• Fatty cuts of meat

  • Fruit juices

  • Sugars

The broad range of ingredients can make it difficult to determine what foods are restricted by this diet. The easiest way to provide service to people who follow the paleo diet is to be aware of all of the ingredients used in your meals. That way, if they show interest in a menu item, you can advise them on whether or not it meets their requirements.

What to Include

The paleo diet focuses on eating 'natural' foods. Therefore, as long as there are menu items that contain lean meats, fish, vegetables, eggs, fruits, nuts or seeds, people who follow this diet can eat at your establishment.


A diet created for those whose food sensitivities can cause gastrointestinal issues, FODMAP avoids the short-chain carbohydrates and sugar alcohols that appear in certain foods; both naturally and as an additive. Although it is commonly identified as a combination of gluten and lactose intolerance, a low FODMAP diet is a lot more severe in its restrictions, making it difficult to cater to.

Most people undergoing a FODMAP diet are aware of what they can and cannot eat. So long as you have a range of fresh food options available and an awareness of the ingredients used in your dishes, you will be capable of directing them to suitable choices.

What to Avoid

FODMAP requires the avoidance of certain carbohydrates and sugar found in foods to prevent inflammation of the digestive system. The main groups they must avoid include:

  • Dairy products

  • Beans and lentils

  • Wheat-based products

  • Some fruits like cherries, apples, peaches and pears

  • Some vegetables like onions, garlic, asparagus and artichokes

What to Include

While there are common food groups like dairy that have been cut from people's diets with FODMAP, there are still plenty of major groups you can utilise in your dishes that are safe for them. Specifically, foods like:

  • Almond milk

  • Eggs

  • Meat

  • Specific cheeses like brie, cheddar, feta and camembert

  • Fruits like oranges, grapes, blueberries, strawberries and pineapple

  • Grains like rice, quinoa and oats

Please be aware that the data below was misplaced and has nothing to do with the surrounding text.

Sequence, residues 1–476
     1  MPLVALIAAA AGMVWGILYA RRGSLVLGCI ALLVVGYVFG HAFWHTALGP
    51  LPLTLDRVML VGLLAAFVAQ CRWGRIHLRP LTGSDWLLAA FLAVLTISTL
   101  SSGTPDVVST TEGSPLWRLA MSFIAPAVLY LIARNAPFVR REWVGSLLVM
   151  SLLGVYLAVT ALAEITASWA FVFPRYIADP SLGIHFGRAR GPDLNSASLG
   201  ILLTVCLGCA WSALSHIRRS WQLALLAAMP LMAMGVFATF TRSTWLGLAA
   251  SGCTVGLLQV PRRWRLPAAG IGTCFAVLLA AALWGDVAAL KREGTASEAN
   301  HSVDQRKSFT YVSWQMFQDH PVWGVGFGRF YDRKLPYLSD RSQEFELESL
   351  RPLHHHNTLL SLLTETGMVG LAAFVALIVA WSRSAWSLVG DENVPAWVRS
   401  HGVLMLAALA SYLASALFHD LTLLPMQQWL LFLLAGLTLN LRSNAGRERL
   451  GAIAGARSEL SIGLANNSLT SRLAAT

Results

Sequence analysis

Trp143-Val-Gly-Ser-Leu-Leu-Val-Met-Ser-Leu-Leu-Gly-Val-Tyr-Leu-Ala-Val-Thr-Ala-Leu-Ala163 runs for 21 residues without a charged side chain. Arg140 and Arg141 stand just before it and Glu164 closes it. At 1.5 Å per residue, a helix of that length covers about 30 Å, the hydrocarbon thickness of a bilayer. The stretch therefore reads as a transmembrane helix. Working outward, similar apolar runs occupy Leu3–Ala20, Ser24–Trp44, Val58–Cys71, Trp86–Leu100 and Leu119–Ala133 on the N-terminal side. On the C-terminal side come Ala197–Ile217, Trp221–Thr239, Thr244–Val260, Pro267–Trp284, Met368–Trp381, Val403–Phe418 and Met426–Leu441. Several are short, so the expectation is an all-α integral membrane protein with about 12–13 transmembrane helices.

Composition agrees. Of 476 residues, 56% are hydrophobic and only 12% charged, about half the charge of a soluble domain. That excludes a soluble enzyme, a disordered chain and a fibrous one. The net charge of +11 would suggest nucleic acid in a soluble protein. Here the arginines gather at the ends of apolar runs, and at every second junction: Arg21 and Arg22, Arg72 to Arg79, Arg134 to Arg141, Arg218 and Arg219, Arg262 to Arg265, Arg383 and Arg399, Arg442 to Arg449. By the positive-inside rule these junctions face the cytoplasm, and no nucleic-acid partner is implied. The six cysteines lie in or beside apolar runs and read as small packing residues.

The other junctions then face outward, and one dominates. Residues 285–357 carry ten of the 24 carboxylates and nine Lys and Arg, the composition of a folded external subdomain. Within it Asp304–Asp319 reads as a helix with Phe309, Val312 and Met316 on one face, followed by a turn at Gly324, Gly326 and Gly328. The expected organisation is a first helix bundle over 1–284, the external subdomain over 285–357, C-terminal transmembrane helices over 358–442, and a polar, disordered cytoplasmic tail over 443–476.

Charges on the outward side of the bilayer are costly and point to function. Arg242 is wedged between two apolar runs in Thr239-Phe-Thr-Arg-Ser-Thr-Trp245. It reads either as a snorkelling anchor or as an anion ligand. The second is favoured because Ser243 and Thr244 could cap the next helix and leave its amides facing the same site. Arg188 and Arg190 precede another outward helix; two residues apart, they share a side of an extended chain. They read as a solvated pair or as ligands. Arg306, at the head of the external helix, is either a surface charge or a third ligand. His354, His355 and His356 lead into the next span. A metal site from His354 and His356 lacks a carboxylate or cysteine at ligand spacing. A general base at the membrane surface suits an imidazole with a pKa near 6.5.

• Vegetables like tomatoes, potatoes, eggplant, zucchini and cucumber

Ketogenic Diet

A high-fat, low-carb diet, keto is commonly thought to be used solely for weight loss. However, many people must observe its special dietary restrictions for its metabolic effects and blood-sugar benefits.

What to Avoid

With its heavy restriction of carbs and sugars, the keto diet eliminates plenty of common food choices at a dining establishment, particularly:

  • Starchy vegetables

  • Grains

  • Legumes

  • Fruits

  • High-sugar junk foods and drinks

By including meals with higher fat content, especially over carbs, people who follow this diet's special dietary requirements will find it enjoyable to regularly return to your business.

What to Include

If you are looking to be inclusive towards those who follow the keto diet, then you absolutely must ensure your menu includes at least one instance of:

  • Fats like nuts, avocado, cream cheeses, seeds, butter and healthy oils

  • Low-sugar fruits, which often means moderate serves of berries

  • Heavy proteins like meat, eggs, cheese, tofu or tempeh

  • Non-starchy vegetables like leafy greens, tomatoes, onions, broccoli and cucumber

Low Sugar Options

You see 'low sugar' as an option in certain venues, like bubble-tea shops, where customers can adjust how much sugar they want to be added to their drink. This might not be possible depending on the rigidity of the dish, or the capabilities and time constraints of the kitchen, but venues might consider offering reduced sugar options to certain dishes and drinks (where possible).